Cardinal-Change Doctrine Law and Legal Definition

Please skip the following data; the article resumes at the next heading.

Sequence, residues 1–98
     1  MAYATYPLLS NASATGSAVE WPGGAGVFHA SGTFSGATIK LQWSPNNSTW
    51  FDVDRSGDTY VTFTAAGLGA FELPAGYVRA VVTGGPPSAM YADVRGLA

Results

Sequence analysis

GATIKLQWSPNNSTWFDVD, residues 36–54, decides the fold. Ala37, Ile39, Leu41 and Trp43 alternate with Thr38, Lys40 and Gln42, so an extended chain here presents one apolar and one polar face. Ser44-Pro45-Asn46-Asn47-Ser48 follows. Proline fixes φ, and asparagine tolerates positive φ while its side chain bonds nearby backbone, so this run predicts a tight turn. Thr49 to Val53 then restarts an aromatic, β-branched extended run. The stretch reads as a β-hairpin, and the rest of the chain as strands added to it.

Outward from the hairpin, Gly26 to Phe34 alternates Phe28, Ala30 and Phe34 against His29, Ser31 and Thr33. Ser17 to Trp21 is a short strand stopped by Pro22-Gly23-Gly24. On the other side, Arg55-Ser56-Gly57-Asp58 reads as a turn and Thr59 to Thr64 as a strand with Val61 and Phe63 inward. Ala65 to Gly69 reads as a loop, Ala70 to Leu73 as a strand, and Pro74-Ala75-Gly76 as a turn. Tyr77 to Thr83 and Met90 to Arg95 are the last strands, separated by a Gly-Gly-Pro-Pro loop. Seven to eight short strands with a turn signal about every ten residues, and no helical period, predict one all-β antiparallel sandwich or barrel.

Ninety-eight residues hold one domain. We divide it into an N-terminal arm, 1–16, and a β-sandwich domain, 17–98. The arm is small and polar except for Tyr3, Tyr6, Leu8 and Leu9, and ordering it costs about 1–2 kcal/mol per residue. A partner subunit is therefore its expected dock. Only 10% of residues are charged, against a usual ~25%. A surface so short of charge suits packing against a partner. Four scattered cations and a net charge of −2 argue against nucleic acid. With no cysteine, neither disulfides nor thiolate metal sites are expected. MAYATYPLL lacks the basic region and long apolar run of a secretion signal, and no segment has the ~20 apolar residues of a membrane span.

Cardinal-change doctrine refers to the legal principle of releasing a contractor from the obligation to work under the contract when government has made a cardinal change in a contract. Under this doctrine, when a contractor claims a cardinal change in a contract then it is essentially an assertion that the government has breached the contract. The purpose of the cardinal-change doctrine is to provide a breach remedy for contractors who are directed by the government to perform work which is not within the general scope of the contract. [Allied Materials & Equipment Co. v. United States, 215 Ct. Cl. 406, 409 (Ct. Cl. 1978)]. The cardinal-change doctrine is a unique doctrine of federal contract law that allows a contractor to seek redress from the U.S. government.